Find the Someone’s

His hood was pulled tight around his ears, blocking the winter cold as he burst through the door. It was way past his bedtime, but his eyes danced and the biggest smile ever flashed across his face. He kicked off his shoes and bounced away into the living room. I turned to my friend, gave him a brief hug, and say “Thank you.” “It’s good to be a friend,” he said as he turned to leave.

After a rousing basketball game (I almost typed “unsuccessful” there – as in his team didn’t win – when I caught myself. The act of playing is “success.” The ability to catch, dribble and toss a ball is “success.” The joy of the swoosh and the cheer of the parents around the court is “success.” I shall remember.) Anyway, after the game, I dropped Super Tall Guy off at a friend’s house – a dear couple who used to go on training runs with me years ago when my three were a little easier for someone else to handle. A delightful set of friends whose kids have gone on to college and beyond and yet their house remains an open door of love and hospitality. Though we have only seen each

other a couple times in the past year, I jumped on Mr. G’s offer to show Super Tall Guy his canaries.

About 4 ½ hours later, Super Tall returned, beaming from ear to ear, bouncing around the house with stories about holding birds, cleaning cages, writing down the “secret” number of the birds, and naming them (Sunny 1, Sunny 2, The Dark). He showed me how you can hold them without squishing them. That if you blow on them to “see their bellies” you can tell if it’s a male or a female. He talked until sleep took over.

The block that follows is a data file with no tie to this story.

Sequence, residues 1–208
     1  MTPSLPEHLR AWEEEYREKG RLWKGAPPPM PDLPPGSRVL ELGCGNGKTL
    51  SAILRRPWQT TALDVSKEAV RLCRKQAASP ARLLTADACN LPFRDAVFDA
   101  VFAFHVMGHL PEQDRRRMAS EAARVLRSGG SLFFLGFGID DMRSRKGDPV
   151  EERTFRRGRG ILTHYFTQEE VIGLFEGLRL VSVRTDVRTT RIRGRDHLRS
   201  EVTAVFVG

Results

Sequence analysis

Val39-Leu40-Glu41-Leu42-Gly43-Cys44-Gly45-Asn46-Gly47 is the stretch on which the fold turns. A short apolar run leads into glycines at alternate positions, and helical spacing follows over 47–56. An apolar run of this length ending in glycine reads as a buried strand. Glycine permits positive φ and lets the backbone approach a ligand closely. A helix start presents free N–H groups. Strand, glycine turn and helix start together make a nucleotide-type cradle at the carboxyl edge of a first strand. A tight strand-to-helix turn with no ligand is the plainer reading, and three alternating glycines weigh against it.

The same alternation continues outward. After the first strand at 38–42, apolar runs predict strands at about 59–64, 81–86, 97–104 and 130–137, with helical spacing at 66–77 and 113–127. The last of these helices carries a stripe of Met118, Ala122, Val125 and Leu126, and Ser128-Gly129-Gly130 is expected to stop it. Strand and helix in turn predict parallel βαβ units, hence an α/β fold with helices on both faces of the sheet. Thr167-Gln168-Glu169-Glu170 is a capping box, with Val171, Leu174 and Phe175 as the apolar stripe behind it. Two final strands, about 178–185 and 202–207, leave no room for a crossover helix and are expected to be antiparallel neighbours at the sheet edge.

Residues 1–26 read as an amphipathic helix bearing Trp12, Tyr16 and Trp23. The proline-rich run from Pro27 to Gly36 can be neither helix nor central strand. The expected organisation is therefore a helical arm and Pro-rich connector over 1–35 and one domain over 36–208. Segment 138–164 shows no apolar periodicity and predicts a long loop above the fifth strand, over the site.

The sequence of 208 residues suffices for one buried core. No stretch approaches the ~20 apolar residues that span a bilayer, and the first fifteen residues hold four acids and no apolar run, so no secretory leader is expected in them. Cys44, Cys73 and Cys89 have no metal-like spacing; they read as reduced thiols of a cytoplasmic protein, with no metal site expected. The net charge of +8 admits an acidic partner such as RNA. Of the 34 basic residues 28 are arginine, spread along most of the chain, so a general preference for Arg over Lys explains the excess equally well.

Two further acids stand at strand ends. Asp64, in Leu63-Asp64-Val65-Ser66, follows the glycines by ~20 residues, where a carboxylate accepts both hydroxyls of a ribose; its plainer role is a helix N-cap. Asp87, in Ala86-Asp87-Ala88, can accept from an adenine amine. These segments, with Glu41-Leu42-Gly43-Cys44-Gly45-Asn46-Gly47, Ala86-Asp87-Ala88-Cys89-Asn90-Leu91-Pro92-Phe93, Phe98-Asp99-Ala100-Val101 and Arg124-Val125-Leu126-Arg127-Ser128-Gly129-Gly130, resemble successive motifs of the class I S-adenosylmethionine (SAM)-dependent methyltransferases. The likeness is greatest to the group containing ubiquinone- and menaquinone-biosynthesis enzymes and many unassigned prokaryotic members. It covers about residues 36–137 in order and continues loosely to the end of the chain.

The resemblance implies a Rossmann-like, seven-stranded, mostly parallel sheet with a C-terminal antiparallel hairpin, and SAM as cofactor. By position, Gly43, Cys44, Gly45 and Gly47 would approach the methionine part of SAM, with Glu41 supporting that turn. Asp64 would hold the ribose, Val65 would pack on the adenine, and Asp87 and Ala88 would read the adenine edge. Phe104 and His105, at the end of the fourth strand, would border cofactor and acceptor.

It’s going to take a village for me to raise these boys.

  • It takes the daily help of my mother who despite being in her 70s, carts around a 9-month-old foster baby wearing his “my-head-is-misshapened” helmet.
  • It takes a father to unclog the drains, put up plastic over drafty windows and change the chandelier light bulbs over and over as they are knocked out by arching footballs.
  • It takes a sister to help juggle the schedule and take the oldest one skiing while I stay within a warm house.
  • It takes a school to sit down and meet and develop a plan for the new kid in the class and commit to doing what needs to happen to help him succeed.
  • It takes a Big Brother, Big Sister program to bring alongside a mentor and a friend for a kid without a father.
  • And it takes a whole bunch of friends for me – texting friends, dining friends, babysitting friends, comforting friends – to be able to survive.

But what really warms my heart are friends from years past who step up and take a kid for a couple hours and when you thank them profusely over text as you tuck your bubbly boy in bed, they reply – “Really glad to love on the kid.”

You see, that’s what all kids need – someone to love on them. And it can’t be me because I’m too busy racking up awards of “Meanest Mom Ever.” It has to be someone outside the family. Someone who really shouldn’t care that I chose to adopt three beautiful challenging boys. Someone who doesn’t have to give up their Saturday night to show a 90-pound clumsy 8-year-old how you hold on to a delicate bird. Someone who will love on a kid because that’s what the kid needs and they are willing to give.

If you have kids – find those someone’s.

And if you can – be that someone to a kid. You have no idea how profound and powerful you can be when you love on a kid.

Even if just for a day.

Thank you, Mr. G.

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